Summers says that one-way flow could explain why archosaurs "went from bit players to dinos" when Earth's oxygen levels dipped suddenly about 250 million years ago following a major extinction event.
They asked me to come in and talk about things like fish shapes and colors, and I ended up teaching an essentially graduate-level ichthyology course to the Pixar staff.
For three years, Summers was Pixar Studios' ichthyologist, introducing its artists to the mysteries of the sea.
Last year's movie smash Finding Nemo impressed many marine biologists with its scientific accuracy. Alison Abbott meets the young expert in fish biomechanics who helped to breathe life into the film's stars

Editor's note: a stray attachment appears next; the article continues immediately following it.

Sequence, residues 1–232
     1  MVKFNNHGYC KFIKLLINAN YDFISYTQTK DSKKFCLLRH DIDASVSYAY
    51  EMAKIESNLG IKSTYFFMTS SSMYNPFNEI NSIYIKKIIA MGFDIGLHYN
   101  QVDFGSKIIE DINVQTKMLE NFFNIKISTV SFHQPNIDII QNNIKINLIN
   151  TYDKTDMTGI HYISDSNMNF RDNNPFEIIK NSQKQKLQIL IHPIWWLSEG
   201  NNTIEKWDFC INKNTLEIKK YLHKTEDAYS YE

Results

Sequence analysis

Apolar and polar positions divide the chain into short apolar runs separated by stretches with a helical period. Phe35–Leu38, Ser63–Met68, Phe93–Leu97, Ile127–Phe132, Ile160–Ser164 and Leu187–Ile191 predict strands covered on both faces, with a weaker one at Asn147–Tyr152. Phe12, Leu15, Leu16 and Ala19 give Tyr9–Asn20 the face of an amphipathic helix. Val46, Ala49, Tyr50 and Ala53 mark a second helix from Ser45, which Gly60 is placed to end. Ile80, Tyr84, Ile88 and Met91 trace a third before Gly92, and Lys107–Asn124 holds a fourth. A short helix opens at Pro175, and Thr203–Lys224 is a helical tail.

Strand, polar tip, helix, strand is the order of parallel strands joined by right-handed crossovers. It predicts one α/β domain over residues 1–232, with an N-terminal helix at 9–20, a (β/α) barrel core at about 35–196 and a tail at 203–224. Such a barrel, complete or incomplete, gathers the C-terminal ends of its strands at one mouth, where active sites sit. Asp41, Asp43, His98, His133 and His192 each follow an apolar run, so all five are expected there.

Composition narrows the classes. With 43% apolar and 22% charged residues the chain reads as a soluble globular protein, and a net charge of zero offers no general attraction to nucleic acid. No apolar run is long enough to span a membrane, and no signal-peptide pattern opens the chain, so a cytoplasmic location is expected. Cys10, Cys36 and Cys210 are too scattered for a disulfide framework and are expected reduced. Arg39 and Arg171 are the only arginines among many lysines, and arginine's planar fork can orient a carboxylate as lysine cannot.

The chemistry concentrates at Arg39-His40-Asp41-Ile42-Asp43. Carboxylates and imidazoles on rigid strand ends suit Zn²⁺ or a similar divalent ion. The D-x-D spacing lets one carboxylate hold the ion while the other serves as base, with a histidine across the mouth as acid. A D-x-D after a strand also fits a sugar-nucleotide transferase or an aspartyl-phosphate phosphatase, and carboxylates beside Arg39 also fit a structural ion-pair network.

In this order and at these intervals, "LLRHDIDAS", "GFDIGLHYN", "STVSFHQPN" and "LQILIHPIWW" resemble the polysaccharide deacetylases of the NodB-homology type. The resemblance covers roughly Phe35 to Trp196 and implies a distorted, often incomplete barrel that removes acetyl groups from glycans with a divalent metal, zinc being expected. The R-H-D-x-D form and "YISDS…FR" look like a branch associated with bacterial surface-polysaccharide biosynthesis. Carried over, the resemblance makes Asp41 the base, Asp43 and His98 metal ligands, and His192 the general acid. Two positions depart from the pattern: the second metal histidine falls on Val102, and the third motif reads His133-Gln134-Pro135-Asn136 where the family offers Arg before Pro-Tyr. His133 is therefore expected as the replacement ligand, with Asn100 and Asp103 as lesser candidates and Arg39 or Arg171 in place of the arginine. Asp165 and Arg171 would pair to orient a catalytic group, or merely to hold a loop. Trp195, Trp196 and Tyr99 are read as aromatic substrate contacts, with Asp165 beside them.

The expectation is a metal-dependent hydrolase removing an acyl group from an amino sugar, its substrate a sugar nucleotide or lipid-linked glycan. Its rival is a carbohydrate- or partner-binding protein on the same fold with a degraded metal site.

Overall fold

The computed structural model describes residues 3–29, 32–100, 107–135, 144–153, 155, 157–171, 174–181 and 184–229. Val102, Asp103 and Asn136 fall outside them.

Summers, who will co-teach the class with Matt McHenry, is the first UC Irvine researcher to produce a class podcast.
How does a cownose stingray, with no bones in its jaws, chomp on hard-shelled prey such as mussels and snails? In the same way a fossilized animal becomes hard as rock: with minerals, reports biologist Adam Summers
Adam Summers, an expert on biomechanics at the University of California at Irvine, says that in today's world, the heaviest living flying birds weigh no more 40 pounds.
We were floored," said Adam Summers, an evolutionary biologist at UCI. "Everyone knows that spiders spin silk from spinnerets on their hind-ends (abdomen area). But we had no idea that this charismatic spider (the zebra tarantula of Costa Rica) also could do it with their feet."